January 28, 2011

Equanimity

Thanissarro Bhikkhu, from "The Ten Perfections Week 4: Calm,"

When the Buddha was teaching his son to be equiniminous he said,

"Make your mind like the earth. Make your mind like water. Make your mind like fire. Make your mind like wind."

In other words, if someone throws something disgusting on the earth, the earth doesn’t shrink away. It just stays the earth. You use water to wash away disgusting things; the water doesn’t draw away in disgust. Fire will burn disgusting things. The wind will blow disgusting things away. They don’t get disgusted by them. It is because of your ability to stay with things, with equanimity, that you are able to perceive them for what they are.

The Buddha didn’t have his son stop there. In fact, this was just his first lesson in meditation. The next lesson went into breath meditation, in which the instruction was to try to actively develop a state of rapture or a state of pleasure, and to try to develop skills in dealing with the breath throughout the body, learning how to gladden the mind when it needs to be gladdened, learning how to still the mind when it needs to be stilled, learning how to release the mind when it needs to be released.


So equanimity here is a basis for being able to observe what’s actually going on in our minds so as to be able to admit to ourselves what is actually happening there, rather than allowing our preferences to color our idea of what we’d like to tell ourselves is happening. In this way, equanimity becomes a basis for developing further skills. So you don’t stop with equanimity and just sort of ‘let things be.' You learn to be equiniminous about things that you can’t change so that you can focus on things that you really can change.

Join the retreat and discussion with Thanissaro Bhikkhu!

In January, to accompany Thanissaro Bhikkhu's Tricycle Retreat The Ten Perfections, now in its final week, we'll be offering his new book Skill in Questions for download.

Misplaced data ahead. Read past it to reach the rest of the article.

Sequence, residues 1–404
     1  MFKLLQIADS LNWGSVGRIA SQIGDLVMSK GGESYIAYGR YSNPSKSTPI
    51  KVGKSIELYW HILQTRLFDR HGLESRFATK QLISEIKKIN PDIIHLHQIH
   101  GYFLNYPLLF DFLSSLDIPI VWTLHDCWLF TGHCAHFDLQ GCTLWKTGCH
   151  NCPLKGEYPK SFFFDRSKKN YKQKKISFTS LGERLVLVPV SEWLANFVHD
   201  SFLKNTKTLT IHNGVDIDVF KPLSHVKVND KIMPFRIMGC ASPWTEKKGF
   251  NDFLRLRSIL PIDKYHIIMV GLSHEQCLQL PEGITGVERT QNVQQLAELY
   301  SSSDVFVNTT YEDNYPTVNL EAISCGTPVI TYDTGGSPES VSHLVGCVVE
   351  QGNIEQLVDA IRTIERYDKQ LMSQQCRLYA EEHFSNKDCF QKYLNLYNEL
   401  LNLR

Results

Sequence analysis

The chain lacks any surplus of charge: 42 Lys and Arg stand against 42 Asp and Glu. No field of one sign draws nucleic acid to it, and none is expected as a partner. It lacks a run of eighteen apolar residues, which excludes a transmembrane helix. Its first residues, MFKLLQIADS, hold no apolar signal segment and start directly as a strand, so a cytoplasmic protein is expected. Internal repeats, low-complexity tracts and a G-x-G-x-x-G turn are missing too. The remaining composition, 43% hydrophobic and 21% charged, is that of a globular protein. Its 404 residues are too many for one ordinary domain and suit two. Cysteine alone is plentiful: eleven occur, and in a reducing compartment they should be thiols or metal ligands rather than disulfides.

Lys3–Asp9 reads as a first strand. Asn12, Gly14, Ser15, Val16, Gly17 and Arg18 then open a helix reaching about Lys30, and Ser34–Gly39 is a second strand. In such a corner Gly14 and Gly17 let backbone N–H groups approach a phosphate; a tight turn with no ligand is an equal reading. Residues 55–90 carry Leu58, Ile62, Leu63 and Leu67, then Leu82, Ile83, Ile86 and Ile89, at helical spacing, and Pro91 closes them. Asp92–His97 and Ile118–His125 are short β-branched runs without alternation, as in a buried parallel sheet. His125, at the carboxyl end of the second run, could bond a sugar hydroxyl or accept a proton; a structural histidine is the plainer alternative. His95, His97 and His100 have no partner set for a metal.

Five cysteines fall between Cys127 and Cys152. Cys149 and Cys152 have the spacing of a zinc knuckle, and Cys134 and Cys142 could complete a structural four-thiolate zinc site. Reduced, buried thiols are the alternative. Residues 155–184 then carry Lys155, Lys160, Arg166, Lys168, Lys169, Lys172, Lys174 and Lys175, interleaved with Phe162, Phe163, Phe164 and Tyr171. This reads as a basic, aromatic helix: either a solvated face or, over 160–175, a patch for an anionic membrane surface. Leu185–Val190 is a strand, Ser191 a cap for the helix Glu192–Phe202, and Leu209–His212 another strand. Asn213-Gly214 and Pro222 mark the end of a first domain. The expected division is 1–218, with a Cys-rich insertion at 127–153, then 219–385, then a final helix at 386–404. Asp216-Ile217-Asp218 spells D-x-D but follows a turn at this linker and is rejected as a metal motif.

Skill in Questions is about asking skillful questions and answering questions skillfully. Thanissaro Bhikkhu quotes the Buddha about answering questions skillfully:

There are these four ways of answering questions. Which four? There are questions that should be answered categorically. There are questions that should be answered analytically. There are questions that should be answered with cross-questioning. There are questions that should be put aside. These are the four ways of answering questions.

We are offering this special e-book edition for free.

If you wish, you can give a voluntary contribution of $5 to the Tricycle Teachers Fund, which benefits Buddhist teachers, who offer the teachings for free. All contributions made in January will be donated to the Metta Forest Monastery, where Thanissaro Bhikkhu serves as abbot.

Here’s how to get involved:
Join the Tricycle Community at any member level. To participate in Thanissaro Bhikkhu’s Tricycle Retreat, you must join at the Supporting or Sustaining Member level.
• Make a voluntary contribution of $5 to the Tricycle Teachers Fund. All contributions made in January will be donated to the Metta Forest Monastery.
• Download your e-book and start reading immediately.
 • Join Thanissaro Bhikkhu in his Tricycle Retreat on The Ten Perfections from January 3 through January 30.

Already a Tricycle Community Member?
Click here to take make a voluntary contribution to Metta Forest Monastery via the Tricycle Teachers Fund and download the e-book.

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kavin's picture

very interesting information thanks for providing this.
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